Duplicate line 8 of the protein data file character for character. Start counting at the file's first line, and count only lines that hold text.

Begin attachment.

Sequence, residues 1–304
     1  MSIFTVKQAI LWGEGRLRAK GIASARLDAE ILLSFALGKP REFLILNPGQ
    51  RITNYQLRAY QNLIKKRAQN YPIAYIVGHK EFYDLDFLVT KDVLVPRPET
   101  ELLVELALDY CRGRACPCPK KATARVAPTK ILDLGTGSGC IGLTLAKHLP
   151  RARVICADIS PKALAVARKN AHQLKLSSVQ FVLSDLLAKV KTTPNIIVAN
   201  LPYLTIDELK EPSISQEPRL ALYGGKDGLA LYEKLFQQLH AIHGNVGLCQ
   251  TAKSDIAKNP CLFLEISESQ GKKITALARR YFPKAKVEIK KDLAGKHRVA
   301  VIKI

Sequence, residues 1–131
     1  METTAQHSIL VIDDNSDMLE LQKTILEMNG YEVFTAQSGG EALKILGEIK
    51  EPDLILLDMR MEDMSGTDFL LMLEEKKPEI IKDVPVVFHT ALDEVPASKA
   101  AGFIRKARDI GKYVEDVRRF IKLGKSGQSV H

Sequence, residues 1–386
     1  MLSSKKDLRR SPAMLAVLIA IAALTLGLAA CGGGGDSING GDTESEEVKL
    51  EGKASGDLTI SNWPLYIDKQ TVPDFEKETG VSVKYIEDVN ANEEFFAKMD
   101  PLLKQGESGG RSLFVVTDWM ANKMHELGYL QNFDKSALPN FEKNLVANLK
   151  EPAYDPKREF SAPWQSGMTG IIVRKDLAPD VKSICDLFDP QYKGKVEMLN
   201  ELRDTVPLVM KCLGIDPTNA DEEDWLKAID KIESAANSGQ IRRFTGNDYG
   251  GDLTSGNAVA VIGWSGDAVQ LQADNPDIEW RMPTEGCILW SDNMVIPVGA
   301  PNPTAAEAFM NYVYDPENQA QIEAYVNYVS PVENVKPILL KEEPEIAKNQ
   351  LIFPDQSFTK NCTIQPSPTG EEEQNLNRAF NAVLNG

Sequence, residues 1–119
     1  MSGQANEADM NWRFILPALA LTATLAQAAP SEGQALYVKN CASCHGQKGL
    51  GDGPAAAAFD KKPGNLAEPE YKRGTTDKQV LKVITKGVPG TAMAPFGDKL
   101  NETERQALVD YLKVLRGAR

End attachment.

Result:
   301  VIKI